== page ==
When something goes wrong we were trained to ask the question “Who is responsible?”. As a kid we learned to either run and hide when we heard that phrase or respond quickly with “It wasn’t me, it was _____” to save ourselves from punishment. Our parents and teachers worked hard to help us learn to take responsibility rather than run and hide or blame others, but didn’t that usually mean owning up to having done something wrong or taking the blame?
So is it any wonder we still react in similar ways with similar feelings when something isn’t going the way we planned? What about when our boss (or anyone we perceive as having power over us) is unhappy with what’s going on? Perhaps it’s not unlike how we feel when we see a cop in the rear view mirror even if we are not speeding. Somehow we still get that pit in our stomachs!
On the other side of this conversation are those who have actually done harm to us and really are to blame for it. There is not a person alive who has not been victimized in some way small or big in their lifetime. By victimized I mean being harmed by another. We have learned to defend ourselves and perhaps even seek to bring the guilty parties to justice in some way.
WHY DO I SAY “IT’S THEM” IS THE COSTLIEST CONVERSATION IN BUSINESS AND IN LIFE?
Unfortunately over time we have turned the reaction of “it’s them” into a practice of looking for who is to blame whenever the going gets tough. It’s not just a personal practice, it has become a cultural one. And it is costing us all in a big way.
When we ask the question “who is responsible/to blame?” we are talking about the past. We cannot change what happened and spending too time and energy on that conversation is a waste of time unless of course your purpose is to bring someone to justice. And we do waste a lot of time, not to mention energy, in that conversation. Sure it can be helpful to understand what went wrong, what mistakes we made, etc. so we can learn and perhaps prevent the problem from happening again. The key word here is “perhaps” because the complexity of our problems and speed of change today have reduced the value of analysis in many cases. There is a really good reason why the phrase “analysis paralysis” emerged in business conversation. Besides, fixing one problem often just illuminates another one. It’s a never ending cycle that doesn’t necessarily move us forward.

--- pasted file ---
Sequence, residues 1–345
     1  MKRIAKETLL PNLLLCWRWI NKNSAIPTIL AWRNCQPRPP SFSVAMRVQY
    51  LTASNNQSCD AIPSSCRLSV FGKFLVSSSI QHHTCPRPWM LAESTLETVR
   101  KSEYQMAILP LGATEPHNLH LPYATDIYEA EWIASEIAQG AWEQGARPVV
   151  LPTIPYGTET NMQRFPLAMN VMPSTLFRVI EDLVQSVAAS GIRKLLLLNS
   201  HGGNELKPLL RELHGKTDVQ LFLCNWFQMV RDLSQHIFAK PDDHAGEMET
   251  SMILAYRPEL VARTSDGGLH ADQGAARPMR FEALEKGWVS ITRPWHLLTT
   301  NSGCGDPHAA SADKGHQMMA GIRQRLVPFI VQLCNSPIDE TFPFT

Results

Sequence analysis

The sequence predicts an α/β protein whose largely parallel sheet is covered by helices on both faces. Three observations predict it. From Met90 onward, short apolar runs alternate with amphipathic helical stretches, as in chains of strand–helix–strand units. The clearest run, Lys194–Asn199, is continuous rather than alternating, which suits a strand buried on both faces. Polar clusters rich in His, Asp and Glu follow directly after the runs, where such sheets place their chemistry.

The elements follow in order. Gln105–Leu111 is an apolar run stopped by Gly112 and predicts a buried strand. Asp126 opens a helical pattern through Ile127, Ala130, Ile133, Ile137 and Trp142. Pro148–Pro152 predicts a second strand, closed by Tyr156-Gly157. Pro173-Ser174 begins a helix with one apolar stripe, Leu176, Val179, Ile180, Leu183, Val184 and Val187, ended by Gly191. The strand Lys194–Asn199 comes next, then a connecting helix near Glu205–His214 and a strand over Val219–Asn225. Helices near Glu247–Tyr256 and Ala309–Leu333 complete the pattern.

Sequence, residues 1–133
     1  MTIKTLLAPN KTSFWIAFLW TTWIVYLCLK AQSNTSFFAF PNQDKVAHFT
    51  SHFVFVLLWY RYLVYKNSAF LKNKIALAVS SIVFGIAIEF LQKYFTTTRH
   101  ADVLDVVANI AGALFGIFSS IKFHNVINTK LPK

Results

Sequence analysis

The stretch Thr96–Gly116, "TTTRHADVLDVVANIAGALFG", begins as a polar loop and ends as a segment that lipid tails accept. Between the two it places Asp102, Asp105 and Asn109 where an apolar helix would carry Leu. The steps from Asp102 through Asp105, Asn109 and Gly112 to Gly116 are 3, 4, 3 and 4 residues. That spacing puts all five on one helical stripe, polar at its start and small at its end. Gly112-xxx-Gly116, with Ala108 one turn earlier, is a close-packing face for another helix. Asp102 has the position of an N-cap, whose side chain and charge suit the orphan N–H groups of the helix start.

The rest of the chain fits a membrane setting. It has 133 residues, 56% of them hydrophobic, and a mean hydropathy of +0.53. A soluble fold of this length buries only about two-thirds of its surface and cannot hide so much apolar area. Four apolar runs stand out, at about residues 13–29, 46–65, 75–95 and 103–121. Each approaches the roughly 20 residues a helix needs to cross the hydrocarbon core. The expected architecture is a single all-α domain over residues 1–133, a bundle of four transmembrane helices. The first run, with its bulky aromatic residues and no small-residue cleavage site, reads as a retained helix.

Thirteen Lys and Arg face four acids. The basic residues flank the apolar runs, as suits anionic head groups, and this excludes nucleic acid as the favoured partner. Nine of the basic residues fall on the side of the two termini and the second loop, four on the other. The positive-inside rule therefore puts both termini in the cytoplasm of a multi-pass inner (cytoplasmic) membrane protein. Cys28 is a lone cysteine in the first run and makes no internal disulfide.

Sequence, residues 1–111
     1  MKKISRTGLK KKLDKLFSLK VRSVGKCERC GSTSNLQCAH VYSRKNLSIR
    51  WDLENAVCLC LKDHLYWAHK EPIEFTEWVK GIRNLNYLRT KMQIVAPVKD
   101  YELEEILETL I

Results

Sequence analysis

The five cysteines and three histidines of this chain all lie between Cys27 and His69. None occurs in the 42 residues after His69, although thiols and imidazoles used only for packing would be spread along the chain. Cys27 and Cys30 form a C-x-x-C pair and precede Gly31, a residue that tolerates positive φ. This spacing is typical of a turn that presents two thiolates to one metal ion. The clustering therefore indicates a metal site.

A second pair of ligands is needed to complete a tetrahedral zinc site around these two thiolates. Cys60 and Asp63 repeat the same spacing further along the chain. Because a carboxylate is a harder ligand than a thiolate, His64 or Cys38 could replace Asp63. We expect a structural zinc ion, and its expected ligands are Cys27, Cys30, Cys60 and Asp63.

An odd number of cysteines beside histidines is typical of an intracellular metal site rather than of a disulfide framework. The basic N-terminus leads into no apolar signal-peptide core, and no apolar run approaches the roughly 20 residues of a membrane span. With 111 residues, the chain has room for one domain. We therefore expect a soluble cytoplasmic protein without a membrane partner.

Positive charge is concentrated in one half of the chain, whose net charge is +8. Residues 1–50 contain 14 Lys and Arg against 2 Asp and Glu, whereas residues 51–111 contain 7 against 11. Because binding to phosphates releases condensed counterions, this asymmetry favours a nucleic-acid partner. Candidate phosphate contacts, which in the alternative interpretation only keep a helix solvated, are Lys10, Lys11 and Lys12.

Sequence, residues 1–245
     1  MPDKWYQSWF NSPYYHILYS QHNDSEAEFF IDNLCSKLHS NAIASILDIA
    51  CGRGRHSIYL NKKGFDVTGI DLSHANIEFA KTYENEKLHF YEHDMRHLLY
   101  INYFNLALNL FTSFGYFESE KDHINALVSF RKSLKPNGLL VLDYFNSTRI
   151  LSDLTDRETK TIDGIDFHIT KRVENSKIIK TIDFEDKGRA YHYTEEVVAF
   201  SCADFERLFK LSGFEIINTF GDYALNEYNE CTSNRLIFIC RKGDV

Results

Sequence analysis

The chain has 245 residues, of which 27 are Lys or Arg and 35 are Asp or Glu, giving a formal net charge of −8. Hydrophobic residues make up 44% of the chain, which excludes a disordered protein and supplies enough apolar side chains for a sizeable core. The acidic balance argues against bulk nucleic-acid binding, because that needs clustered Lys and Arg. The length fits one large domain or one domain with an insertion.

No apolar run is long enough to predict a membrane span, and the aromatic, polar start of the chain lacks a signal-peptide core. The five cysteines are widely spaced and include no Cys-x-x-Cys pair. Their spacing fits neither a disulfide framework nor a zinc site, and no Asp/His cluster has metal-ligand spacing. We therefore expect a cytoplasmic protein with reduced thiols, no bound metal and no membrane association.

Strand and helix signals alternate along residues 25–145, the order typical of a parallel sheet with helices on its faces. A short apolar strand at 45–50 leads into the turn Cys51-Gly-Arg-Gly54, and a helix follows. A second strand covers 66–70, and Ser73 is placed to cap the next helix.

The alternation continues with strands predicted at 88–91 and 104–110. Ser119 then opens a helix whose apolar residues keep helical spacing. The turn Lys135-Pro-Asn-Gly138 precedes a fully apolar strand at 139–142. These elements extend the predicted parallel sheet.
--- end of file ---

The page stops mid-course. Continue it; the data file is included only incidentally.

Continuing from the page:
Yet there is a better far more empowering way to relate to the world, to our world, with all of its warts and problems. We can stop asking the question “who is to blame” and start asking the question “what could I/we do now?”. We can start thinking from a context of it is up to me, whatever “it” may be, rather than it is up to them. In doing so we take our focus off of the past we cannot change and put in on the future where we can actually make a difference. We also take our power back as individuals who can make a difference. Big or small, it all matters when it comes to our future.
SO WHAT DOES ALL OF THIS HAVE TO DO WITH LEADERSHIP?
“It’s up to me” is the fundamental context for leadership. One very simple way to identify possible acts of leadership you could take in any situation is to ask yourself the question “what could I do now to make a difference?” Leaders take personal responsibility for themselves and the world around them.
A key message from President Obama’s Inaugural Address yesterday was taking back responsibility for ourselves and for our country. This is our country and its future is up to us. But whether it is about your country, your company, your work group, your family or even yourself, it has to be even more personal than that for us to act. It must be up to me, the person who I see when I look in the mirror. So this is one case where taking things personally is highly recommended and empowering!
If I told you to go commit a “Random Act of Kindness” today you would likely immediately sense the kind of opportunities to look for. It would be simple and easy. Consider you can do the same thing when it comes to leadership. Committing an “Act of Leadership” can be just as simple as committing an act of kindness. It may take a bit more courage, but I assure you it can be just as satisfying.
YOUR MISSION FOR TODAY… should you choose to accept it is to commit a Random Act of Leadership. And don’t forget to tell us about it so we can all learn and encourage each other to keep going.